the Notice of Removal, her counsel emailed Defendant’s counsel that “[p]laintiff was willing to
stipulate that the amount in controversy, including Plaintiff’s claims for punitive damages, is less
than the jurisdictional amount. Id. at p.2, ¶ 5. Louisville Ladder opposes the Motion to Remand
arguing that the Plaintiff seeks compensatory and punitive damages that are sufficient to meet the
jurisdictional limits of $75,000. (Doc. 9).
II. Standard for Federal Diversity Jurisdiction
When analyzing the propriety of removal of a case to federal court, the removing party has
the burden of showing that jurisdiction in the federal courts is proper and the requisite amount in
controversy has been met. Hatridge v. Aetna Cas. & Sur. Co., 415 F.2d 809, 814 (8th Cir. 1969).
Federal courts must strictly construe the federal removal statute and resolve any ambiguities about
federal jurisdiction in favor of remand. Transit Casualty Co. v. Certain Underwriters at Lloyd’s of
London, 119 F.3d 619, 625 (8th Cir. 1997). In a removed action, a district court’s jurisdiction is
determined at the time of removal. Subsequent events after the time of removal cannot be used to
defeat jurisdiction except in certain narrow and limited circumstances. Hargis v. Access Capital
Funding, LLC, 674 F.3d 783 (8th Cir. 2012). “Defendants may remove civil actions to federal court
only if the claims could have been originally filed in federal court.” Cent. Iowa Power Coop. v.
Midwest Indep. Transmission Sys. Operator, 561 F.3d 904, 912 (8th Cir. 2009). The party seeking
removal bears the burden of establishing the requisite amount in controversy by a preponderance of
the evidence. Bell v. Hershey Company, 557 F.3d 953 (8th Cir. 2009). “This standard applies
regardless of whether the complaint alleges non specific amount of damages or an amount under the
jurisdictional minimum.” Id. (internal citation omitted). “Once the removing party has established
by a preponderance of the evidence that the jurisdictional amount is satisfied, remand is only
appropriate if the plaintiff can establish to a legal certainty that the claim is for less than the requisite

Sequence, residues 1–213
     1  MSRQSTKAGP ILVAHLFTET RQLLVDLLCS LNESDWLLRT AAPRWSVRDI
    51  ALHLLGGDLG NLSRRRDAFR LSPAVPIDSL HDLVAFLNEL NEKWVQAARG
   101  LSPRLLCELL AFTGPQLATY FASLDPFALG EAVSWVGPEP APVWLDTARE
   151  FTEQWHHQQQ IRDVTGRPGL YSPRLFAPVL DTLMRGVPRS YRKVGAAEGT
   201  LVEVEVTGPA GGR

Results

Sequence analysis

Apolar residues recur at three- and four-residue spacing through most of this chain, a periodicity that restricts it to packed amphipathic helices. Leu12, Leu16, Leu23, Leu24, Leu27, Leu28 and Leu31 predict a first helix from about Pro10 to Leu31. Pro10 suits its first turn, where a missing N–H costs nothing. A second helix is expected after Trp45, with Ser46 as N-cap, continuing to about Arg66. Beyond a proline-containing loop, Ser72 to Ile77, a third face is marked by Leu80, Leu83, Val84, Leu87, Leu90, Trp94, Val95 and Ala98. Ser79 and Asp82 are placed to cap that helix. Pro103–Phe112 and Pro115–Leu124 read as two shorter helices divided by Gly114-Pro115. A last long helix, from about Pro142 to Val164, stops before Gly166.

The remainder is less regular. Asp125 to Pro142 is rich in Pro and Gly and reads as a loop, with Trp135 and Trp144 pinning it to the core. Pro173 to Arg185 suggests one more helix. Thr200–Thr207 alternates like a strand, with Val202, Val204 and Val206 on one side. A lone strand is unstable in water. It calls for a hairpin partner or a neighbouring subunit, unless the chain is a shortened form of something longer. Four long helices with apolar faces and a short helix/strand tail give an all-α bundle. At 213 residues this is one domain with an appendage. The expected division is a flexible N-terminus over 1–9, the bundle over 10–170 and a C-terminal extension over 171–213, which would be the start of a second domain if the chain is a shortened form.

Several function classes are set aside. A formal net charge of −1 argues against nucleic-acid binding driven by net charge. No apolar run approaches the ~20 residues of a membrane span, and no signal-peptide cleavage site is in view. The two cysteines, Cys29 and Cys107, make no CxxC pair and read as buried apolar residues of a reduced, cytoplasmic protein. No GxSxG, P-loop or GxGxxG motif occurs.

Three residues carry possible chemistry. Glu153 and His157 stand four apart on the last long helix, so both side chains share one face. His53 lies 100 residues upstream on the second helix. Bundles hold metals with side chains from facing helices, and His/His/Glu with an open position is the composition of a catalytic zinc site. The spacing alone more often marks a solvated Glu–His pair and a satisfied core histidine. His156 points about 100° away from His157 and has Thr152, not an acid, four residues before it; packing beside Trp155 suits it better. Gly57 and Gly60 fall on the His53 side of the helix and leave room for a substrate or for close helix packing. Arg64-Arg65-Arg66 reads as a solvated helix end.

As the party seeking removal, Louisville Ladder bears the burden of proving, by a
preponderance of the evidence, that the requisite amount of controversy has been met in this case.
Only if Louisville Ladder meets that burden, does the burden shift to Mrs. Crook to prove to a legal
certainty that her claims are for less than the jurisdictional amount. The Court finds that Louisville
Ladder has failed to meet its burden in this case. The parties dedicate large portions of their
arguments to the matter of Mrs. Crook’s proposed stipulation as evidenced by the emails between
counsel. Regardless of the fact that it does not appear that any party ever entered into a binding
stipulation prior to removal, the proposed stipulation is otherwise a non-issue in this case since the
burden does not shift to Mrs. Crook to show lack of jurisdiction to a legal certainty.
In its response in opposition to Mrs. Crook’s Motion to Remand, Louisville Ladder outlines
various case law relevant to the proposition that punitive damages may be considered by a court
when determining amount in controversy. Louisville Ladder then lists the claims for damages
brought by Mrs. Crook, arguing without more that “[t]hese claims, along with her claim to punitive
damages as allowed under Arkansas law, are certainly sufficient to meet jurisdictional limits of
$75,000.” (Doc. 11, p. 4). Louisville then “submits that it has met its burden of demonstrating that
the plaintiff’s compensatory and punitive damages exceed the jurisdictional minimum.” Louisville